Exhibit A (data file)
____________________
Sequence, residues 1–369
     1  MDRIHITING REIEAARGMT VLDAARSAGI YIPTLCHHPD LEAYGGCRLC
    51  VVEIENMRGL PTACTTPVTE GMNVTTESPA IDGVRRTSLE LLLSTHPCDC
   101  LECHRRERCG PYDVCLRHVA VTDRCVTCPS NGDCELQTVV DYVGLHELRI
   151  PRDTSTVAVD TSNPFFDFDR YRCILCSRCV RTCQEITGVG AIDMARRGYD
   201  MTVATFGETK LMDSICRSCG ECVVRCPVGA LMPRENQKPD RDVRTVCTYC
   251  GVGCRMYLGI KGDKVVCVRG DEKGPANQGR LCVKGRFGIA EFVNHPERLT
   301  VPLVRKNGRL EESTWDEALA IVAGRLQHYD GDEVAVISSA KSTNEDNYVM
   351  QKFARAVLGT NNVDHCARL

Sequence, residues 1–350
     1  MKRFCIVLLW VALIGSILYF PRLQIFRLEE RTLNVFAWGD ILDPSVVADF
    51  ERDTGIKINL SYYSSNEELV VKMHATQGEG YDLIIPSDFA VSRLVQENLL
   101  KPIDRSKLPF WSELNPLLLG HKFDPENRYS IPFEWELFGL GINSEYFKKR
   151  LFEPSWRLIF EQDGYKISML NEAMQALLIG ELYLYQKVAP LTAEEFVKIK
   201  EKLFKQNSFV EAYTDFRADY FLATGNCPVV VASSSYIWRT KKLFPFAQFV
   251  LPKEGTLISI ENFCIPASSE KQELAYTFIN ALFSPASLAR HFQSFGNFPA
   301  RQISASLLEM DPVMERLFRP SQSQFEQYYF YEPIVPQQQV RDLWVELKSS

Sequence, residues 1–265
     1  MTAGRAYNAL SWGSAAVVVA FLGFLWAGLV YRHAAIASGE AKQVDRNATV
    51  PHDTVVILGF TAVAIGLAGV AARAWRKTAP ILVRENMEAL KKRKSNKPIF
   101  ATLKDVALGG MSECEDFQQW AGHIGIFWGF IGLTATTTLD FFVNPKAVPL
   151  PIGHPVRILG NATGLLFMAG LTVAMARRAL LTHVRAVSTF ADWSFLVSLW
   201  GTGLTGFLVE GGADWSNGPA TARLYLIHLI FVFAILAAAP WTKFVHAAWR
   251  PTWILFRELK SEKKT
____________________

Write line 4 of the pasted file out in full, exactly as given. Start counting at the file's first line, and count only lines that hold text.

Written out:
   101  LECHRRERCG PYDVCLRHVA VTDRCVTCPS NGDCELQTVV DYVGLHELRI